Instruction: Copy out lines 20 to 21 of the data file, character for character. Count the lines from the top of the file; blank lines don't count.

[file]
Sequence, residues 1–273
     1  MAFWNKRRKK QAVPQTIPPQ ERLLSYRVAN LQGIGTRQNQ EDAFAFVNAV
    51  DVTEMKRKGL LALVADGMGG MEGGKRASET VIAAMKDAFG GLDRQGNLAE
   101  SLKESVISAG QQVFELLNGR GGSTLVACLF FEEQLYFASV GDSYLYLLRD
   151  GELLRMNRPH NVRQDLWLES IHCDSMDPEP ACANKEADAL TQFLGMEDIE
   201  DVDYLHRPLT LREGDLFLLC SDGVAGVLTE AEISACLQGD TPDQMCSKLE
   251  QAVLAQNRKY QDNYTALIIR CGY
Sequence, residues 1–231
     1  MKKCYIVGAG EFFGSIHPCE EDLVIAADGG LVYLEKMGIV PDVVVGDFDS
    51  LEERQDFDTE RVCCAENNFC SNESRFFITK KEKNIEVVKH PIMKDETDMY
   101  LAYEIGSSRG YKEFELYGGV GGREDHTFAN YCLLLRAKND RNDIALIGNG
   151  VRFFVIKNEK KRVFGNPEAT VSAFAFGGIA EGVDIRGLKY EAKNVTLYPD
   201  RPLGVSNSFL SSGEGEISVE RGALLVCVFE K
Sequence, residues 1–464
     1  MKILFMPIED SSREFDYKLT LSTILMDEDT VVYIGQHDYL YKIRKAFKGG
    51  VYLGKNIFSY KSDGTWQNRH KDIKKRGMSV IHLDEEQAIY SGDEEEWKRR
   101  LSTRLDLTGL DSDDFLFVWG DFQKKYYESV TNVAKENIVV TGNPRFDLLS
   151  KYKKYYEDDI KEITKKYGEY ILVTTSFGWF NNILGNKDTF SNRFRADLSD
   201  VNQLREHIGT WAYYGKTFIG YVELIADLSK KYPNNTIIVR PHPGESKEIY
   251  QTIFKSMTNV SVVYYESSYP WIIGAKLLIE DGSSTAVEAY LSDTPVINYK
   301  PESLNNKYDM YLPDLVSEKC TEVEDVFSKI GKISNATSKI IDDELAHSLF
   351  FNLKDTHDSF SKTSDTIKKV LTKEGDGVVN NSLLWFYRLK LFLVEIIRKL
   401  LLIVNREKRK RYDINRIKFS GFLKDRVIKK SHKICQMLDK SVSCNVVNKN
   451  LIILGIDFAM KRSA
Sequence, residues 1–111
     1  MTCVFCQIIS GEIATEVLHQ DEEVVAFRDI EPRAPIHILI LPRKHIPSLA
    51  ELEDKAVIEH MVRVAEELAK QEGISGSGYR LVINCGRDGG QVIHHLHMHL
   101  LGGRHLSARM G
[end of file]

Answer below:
   251  QTIFKSMTNV SVVYYESSYP WIIGAKLLIE DGSSTAVEAY LSDTPVINYK
   301  PESLNNKYDM YLPDLVSEKC TEVEDVFSKI GKISNATSKI IDDELAHSLF